By Maila Baje
Whatever the reasons behind the precipitous unification of Nepal’s two major rightwing parties last week, one thing is pretty clear. The development is not part of the wave of rightwing populism blowing across the West and elsewhere. So let’s start by not rushing to anoint our version of Donald Trump, Nigel Farage or Marine Le Pen, shall we?
Then there’s the stark reality that our former panchas can neither live united nor divided. In fact, the party was born split, largely along hardline and more moderate remnants of the partyless regime that collapsed in 1990. These men and women tend to do well when united. But political power – or even the prospect of it –immediately divides them.
To be sure, the ranks of the RPP factions these day are an assortment of diehard royalists, conservative Hindus and, yes, republicans. (Although the republicans seem to be more of realists.) This time, there seems to be an ideological glue binding Kamal Thapa’s Rastriya Prajatantra Party Nepal and Pashupati Shamsher Rana’s Rastriya Prajatantra Party.
The newly unified party pledges to restore Nepal’s Hindu status in the constitution. On the major issue that divides the two factions – restoration of constitutional monarchy – the leaders have decided to let the upcoming national conference take a decision.
How democratic of them! But let’s dig a little deeper. Rana, who leads the republican faction, said the party could not accept a constitution that calls Nepal ‘secular’ when the country by all means is Hindu. “If the government does not take into account the sentiment of the majority, we will be compelled to lead a movement.”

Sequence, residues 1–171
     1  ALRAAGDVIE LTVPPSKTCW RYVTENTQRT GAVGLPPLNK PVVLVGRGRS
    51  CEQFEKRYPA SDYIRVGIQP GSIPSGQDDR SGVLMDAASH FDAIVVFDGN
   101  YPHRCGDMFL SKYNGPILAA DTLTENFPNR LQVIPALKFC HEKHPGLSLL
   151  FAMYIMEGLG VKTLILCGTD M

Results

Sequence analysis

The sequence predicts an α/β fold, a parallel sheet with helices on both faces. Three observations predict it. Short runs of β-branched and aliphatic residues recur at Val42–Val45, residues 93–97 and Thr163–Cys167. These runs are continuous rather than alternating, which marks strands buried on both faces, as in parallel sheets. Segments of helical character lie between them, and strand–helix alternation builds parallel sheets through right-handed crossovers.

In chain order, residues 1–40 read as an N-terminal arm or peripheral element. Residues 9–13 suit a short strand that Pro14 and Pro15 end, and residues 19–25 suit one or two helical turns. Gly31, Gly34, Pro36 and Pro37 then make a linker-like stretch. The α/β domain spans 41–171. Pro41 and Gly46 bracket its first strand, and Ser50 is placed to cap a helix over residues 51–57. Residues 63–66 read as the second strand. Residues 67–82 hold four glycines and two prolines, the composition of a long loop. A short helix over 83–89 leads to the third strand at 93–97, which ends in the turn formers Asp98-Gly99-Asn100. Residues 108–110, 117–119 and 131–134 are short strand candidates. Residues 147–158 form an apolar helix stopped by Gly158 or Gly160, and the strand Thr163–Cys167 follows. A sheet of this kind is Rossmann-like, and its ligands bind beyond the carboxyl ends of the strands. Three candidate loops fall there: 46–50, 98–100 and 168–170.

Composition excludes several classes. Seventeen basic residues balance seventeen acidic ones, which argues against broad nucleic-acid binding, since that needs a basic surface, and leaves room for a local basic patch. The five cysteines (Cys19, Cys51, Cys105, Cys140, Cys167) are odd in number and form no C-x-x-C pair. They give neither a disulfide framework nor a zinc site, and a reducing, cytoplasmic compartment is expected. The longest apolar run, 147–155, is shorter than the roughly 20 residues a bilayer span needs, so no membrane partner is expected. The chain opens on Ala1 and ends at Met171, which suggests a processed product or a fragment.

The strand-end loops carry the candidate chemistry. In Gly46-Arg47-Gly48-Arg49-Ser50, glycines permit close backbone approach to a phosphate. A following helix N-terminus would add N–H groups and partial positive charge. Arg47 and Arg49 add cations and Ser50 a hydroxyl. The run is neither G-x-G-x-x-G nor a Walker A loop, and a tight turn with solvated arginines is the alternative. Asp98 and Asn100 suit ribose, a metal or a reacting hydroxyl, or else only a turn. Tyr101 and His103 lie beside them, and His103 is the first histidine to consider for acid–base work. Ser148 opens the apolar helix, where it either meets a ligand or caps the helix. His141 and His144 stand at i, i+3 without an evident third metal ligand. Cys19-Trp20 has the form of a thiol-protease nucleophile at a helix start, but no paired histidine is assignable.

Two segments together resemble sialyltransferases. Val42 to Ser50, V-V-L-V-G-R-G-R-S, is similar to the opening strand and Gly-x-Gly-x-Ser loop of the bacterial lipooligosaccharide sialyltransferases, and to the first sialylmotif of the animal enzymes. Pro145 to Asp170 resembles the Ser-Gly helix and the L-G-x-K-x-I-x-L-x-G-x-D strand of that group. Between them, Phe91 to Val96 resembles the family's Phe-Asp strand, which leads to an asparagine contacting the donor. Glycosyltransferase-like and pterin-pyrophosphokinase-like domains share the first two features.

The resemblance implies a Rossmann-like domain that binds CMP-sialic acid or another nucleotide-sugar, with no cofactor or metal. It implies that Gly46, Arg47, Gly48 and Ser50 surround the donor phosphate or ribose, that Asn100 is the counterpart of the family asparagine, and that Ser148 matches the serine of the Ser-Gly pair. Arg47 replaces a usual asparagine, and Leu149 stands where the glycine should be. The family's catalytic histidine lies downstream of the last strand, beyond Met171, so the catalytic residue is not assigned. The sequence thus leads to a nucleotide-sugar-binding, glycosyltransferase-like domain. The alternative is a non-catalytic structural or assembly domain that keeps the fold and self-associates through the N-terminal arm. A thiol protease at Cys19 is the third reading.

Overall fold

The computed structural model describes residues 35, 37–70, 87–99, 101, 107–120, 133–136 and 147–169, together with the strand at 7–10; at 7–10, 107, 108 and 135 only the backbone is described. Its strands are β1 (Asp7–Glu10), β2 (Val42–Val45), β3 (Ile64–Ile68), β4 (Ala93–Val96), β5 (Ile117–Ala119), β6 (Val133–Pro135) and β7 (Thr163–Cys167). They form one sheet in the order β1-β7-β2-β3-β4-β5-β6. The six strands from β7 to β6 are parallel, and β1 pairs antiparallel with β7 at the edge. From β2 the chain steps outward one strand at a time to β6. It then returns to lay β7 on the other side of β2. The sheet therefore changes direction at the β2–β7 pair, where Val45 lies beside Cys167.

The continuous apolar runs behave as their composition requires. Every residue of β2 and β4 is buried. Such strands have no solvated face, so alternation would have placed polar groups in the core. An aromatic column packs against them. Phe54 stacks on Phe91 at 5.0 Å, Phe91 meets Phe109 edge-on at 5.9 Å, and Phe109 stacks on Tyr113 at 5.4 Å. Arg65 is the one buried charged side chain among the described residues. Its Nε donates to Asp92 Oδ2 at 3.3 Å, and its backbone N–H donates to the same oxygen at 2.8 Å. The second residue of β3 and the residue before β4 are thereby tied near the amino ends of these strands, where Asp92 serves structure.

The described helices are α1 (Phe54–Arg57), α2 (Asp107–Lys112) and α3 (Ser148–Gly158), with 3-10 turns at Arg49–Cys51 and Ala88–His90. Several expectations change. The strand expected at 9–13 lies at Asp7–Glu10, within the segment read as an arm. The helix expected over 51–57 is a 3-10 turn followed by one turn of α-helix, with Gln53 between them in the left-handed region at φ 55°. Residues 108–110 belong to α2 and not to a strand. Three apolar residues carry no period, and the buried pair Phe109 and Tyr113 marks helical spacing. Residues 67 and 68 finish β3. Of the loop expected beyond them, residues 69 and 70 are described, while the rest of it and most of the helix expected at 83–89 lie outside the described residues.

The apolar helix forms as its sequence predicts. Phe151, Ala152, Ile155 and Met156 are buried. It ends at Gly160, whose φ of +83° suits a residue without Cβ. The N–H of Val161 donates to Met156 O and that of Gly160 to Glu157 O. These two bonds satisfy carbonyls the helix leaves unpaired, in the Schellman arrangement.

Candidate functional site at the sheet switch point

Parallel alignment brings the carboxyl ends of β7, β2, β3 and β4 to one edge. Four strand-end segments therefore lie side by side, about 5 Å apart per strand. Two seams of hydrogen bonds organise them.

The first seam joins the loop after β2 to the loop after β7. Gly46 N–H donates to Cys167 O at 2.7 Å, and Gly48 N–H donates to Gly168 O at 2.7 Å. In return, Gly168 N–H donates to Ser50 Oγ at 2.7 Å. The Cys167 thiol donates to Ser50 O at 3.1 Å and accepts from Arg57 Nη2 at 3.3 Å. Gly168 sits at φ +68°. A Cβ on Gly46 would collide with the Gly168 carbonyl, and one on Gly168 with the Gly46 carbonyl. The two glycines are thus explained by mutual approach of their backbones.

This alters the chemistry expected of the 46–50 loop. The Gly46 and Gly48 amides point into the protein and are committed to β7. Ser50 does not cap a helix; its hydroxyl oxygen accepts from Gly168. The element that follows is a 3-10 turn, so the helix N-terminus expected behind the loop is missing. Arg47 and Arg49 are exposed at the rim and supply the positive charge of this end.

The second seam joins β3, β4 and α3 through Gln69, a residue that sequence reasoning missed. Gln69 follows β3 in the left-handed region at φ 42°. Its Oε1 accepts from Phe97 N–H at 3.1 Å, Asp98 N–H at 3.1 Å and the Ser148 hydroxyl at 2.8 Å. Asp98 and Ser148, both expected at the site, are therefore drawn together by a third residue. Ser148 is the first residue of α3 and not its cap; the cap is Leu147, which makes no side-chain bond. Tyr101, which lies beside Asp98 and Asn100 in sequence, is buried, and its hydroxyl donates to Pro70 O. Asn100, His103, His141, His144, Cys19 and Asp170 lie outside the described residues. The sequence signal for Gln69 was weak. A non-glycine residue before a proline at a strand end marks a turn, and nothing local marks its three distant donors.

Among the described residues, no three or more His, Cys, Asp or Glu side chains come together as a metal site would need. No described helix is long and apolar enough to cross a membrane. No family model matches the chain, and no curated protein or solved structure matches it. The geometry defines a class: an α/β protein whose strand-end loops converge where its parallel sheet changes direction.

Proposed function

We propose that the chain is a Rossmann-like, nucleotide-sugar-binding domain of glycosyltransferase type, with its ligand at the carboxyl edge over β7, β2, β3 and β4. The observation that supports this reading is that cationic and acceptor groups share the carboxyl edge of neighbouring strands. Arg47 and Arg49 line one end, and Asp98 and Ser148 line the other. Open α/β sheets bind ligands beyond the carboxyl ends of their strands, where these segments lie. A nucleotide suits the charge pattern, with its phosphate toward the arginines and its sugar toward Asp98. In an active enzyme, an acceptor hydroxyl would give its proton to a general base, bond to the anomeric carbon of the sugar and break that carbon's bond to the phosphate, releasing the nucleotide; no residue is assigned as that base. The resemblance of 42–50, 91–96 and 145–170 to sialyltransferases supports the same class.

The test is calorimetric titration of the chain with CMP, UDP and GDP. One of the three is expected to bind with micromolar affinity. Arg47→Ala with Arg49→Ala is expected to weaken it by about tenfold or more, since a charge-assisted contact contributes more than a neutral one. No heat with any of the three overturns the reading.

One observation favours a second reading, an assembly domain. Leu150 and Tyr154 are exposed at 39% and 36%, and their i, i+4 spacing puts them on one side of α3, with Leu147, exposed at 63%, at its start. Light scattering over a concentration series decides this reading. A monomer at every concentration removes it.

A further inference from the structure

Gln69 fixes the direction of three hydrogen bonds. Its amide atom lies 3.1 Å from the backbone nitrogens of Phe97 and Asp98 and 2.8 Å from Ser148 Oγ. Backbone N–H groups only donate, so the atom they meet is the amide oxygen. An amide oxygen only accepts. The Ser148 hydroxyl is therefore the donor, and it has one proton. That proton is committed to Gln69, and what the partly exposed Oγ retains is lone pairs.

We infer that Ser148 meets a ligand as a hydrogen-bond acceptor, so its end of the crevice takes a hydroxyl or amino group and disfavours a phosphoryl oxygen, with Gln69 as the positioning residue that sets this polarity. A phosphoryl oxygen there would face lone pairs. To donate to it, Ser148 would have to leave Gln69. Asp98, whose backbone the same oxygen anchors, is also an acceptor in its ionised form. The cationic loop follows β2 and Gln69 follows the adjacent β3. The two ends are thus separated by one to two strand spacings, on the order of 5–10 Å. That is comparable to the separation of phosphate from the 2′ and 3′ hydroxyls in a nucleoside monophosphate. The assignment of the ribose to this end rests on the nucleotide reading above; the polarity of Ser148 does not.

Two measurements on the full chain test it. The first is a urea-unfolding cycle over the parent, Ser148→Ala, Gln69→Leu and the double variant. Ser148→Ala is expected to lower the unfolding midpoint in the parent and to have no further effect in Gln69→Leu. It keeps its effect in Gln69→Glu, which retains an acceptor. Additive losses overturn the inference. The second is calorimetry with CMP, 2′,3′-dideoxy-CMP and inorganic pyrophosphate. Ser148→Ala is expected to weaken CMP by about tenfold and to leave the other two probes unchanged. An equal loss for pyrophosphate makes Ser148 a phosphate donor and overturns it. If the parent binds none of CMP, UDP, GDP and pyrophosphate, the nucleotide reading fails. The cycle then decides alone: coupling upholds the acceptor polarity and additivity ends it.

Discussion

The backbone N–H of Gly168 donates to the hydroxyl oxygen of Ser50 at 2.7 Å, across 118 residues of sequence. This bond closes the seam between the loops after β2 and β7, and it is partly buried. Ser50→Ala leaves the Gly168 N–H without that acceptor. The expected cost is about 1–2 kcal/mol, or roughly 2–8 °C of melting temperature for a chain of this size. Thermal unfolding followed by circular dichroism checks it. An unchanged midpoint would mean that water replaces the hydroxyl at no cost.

Why, then, accept republicanism just because the constitution says so? Can the mere fact that the majority of Nepalis happened to be born Hindus be extrapolated to mean that the state’s character should be designated as such? Sure, most Nepalis are Hindus. But didn’t they vote twice for parties explicit in their secular commitment? And don’t officially atheist organizations hold the largest number of elected seats?
Granted, not every Hindu is a monarchist. (Also, are we really sure that every secularist is a republican?) But when you start talking about the restoration of Hindu statehood, you have to consider the individual/institution needed to officiate such a state.
True, our first female president has been presiding over Dasain and other religious observances with admirable gusto. But she is doing so under a secular dispensation. A Hindu state would have very little room for either institutional tentativeness or the vagaries of an individual’s temperament.
A Hindu republic by definition won’t have a king, who has traditionally solemnized Hindu statehood. We also would lack a bada gurujyu and mool purohit. We do have the mool bhatta at Pashupati, but, then, we already want someone more indigenous there, don’t we?
With 37 members in the 597-member legislature, the unified RPP would still remain the fourth largest political force. At a time when the Big Three can’t agree on amending the constitution or impeaching a recalcitrant anti-corruption monitor, surely the fourth party can afford to wallow a bit longer in some amusing ambiguity.
If you think not, close your eyes and consider this image for a moment: Kamal Thapa and Dipak Bohara are the parliamentary party leader and deputy leader of the united party in an assembly hurtling toward a new Nepal. How does that make you feel? No, seriously.
Running on the right track?
By Maila Baje